Genevieve Douglas | Bloomberg BNA Human Resources Report
Employee wellness programs don’t have to be complex to be effective, and they are proven to help the company bottom line, according to a new report from the U.S. Chamber of Commerce.
“I think that the business case for wellness programs has been settled. If you look back five years ago there was an argument about whether there was a [return on investment] for these endeavors. Now the studies overwhelmingly show that if the program is done right, you will see a return on your bottom line,” Randy Johnson, senior vice president of labor, immigration and employee benefits for the chamber, told Bloomberg BNA April 11. However, much conjecture and misunderstanding continue over how well-designed workplace wellness programs operate, he said.
According to the report, released April 7, five lifestyle behaviors (physical inactivity, poor nutrition, smoking, alcohol use and non-adherence to medications) and five chronic medical conditions (diabetes, heart disease, lung disease, mental illness and cancer) drive 75 percent of all deaths worldwide. “Even though people usually know what they should do to improve their health, this is easier said than done,” the report said. “Embedding behavior change theories, processes, and techniques into wellness programs and interventions to reach people in ‘all stages of change’ is critical to engaging individuals.”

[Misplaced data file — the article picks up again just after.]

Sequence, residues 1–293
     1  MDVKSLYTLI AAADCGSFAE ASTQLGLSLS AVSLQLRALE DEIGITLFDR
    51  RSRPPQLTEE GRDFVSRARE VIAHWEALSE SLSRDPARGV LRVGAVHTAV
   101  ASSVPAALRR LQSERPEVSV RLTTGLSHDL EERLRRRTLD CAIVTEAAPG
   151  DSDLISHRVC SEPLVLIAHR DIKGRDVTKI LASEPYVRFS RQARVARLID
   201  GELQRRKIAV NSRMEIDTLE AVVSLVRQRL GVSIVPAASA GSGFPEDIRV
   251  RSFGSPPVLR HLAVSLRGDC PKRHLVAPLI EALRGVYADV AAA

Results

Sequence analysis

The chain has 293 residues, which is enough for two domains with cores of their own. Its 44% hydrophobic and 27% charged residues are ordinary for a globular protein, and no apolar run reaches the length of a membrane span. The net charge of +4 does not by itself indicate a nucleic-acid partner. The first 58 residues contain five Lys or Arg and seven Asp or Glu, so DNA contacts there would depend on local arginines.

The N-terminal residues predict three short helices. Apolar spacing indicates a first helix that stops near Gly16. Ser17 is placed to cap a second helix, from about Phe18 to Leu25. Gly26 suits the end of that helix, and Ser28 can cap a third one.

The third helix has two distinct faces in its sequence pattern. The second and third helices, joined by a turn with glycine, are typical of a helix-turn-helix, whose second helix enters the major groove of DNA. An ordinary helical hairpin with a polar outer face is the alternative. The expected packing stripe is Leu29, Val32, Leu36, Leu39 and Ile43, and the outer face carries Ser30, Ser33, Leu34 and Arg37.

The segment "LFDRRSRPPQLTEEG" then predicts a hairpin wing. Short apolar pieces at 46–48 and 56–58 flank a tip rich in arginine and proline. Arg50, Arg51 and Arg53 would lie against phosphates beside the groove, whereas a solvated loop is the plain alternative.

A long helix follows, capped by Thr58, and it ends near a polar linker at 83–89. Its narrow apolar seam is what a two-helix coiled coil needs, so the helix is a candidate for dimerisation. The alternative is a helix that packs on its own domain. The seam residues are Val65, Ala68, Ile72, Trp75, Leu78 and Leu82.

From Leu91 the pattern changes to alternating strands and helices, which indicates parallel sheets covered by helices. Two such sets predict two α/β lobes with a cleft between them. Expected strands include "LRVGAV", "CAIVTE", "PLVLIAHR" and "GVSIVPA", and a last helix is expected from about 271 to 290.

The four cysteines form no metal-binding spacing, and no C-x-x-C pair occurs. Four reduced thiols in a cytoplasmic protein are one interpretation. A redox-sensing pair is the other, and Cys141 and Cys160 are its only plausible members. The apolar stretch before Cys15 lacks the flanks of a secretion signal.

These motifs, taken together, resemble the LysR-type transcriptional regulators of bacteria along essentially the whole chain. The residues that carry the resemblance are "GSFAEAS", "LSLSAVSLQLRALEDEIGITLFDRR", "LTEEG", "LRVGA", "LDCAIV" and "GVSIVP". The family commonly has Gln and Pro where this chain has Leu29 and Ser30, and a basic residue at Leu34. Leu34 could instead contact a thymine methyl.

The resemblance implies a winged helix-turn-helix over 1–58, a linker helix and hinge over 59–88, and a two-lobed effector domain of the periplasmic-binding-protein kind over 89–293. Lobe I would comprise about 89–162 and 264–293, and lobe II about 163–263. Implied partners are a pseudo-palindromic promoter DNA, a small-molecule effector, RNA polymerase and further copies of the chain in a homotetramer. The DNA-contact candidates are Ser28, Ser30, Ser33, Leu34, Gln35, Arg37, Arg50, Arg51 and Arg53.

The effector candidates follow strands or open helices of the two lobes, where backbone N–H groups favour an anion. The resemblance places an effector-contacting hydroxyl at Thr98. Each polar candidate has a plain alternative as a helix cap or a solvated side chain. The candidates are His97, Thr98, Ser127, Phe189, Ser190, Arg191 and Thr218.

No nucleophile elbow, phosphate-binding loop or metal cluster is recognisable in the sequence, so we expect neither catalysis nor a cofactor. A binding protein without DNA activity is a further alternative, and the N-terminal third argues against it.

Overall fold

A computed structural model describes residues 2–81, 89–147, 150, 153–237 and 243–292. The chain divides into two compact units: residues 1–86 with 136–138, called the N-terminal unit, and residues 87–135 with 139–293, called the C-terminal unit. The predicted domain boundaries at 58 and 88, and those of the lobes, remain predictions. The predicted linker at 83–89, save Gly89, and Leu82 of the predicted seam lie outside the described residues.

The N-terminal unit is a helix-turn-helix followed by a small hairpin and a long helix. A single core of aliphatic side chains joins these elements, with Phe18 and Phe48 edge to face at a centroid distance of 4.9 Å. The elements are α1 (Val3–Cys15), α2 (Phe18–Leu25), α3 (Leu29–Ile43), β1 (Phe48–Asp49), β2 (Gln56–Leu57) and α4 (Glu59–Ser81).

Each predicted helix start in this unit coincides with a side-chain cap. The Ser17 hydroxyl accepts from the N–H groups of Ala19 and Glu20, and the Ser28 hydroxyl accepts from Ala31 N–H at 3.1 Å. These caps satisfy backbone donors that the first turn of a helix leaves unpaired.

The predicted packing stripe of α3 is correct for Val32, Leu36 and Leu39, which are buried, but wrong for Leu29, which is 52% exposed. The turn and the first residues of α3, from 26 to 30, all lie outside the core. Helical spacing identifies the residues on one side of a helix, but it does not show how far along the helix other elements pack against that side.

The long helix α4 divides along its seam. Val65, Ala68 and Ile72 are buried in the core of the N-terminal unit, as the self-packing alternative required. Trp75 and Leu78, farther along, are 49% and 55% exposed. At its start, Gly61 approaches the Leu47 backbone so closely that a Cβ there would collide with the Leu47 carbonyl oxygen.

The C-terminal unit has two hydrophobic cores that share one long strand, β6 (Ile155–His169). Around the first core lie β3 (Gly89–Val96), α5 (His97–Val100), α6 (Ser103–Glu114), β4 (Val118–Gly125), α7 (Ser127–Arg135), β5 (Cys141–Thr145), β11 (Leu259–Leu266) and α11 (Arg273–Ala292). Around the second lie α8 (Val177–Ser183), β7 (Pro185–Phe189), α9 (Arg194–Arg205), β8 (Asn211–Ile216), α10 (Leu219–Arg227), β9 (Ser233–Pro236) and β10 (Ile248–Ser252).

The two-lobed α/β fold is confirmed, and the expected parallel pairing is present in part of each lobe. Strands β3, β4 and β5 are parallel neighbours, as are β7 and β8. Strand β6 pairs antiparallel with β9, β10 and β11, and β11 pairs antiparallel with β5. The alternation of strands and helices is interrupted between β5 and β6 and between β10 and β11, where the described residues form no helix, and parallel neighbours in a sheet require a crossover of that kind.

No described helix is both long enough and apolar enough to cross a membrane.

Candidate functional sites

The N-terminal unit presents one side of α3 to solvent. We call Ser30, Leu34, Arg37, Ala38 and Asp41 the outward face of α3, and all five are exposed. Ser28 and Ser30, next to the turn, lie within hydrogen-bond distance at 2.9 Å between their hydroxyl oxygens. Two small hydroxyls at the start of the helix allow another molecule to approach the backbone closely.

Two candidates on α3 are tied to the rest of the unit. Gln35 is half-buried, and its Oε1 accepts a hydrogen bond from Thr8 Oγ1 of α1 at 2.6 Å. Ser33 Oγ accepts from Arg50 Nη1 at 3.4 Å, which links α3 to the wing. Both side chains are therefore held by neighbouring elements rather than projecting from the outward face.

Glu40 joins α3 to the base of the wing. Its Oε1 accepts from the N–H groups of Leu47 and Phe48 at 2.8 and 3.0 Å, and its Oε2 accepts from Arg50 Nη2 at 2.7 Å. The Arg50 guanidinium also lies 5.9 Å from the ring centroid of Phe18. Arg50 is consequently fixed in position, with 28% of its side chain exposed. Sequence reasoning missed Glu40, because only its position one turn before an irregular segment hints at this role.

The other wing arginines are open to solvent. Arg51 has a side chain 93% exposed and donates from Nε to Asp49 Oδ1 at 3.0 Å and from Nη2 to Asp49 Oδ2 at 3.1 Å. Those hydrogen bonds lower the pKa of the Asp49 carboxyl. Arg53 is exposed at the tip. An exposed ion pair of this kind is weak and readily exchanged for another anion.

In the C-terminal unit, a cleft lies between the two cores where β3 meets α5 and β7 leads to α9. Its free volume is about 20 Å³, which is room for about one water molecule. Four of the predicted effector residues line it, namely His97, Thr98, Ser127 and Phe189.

Today’s reality is that health is a performance driver—for employers and employees, the report said. Employers will reap rewards from programs that engage employees, offer multiple strategies that suit the unique needs of employee populations, and measure the programs’ successes or failures, the report said.
An Expanded Wellness Strategy
The chamber report provides a great baseline to start the discussion around wellness, but employers with resources should expand their wellness programs to make them even more effective, Rachel Levine, director of wellness strategies for Health Advocate, told Bloomberg BNA April 12.
For example, chronic care management is often a forgotten piece of a wellness strategy, but it should be part of an integrated wellness approach, Levine said. Employers should look at claims data to identify gaps in care for chronic care management, because this identifies the employer’s health risk as an organization and helps employees manage their individual health, she said.
“It’s also important to note that wellness is not one size fits all,” Levine, who was not involved with the chamber report, said. Companies have different types of employee populations and cultures, and they need a wellness strategy that best supports these unique goals.
Wellness programs should be flexible and diverse, especially when it comes to communicating with employees about participating in the program, whether it’s via telephone or online, Levine said.
Reproduced with permission from Human Resources Report, 34 HRR 405 (Apr. 18, 2016). Copyright 2016 by The Bureau of National Affairs, Inc. (800-372-1033)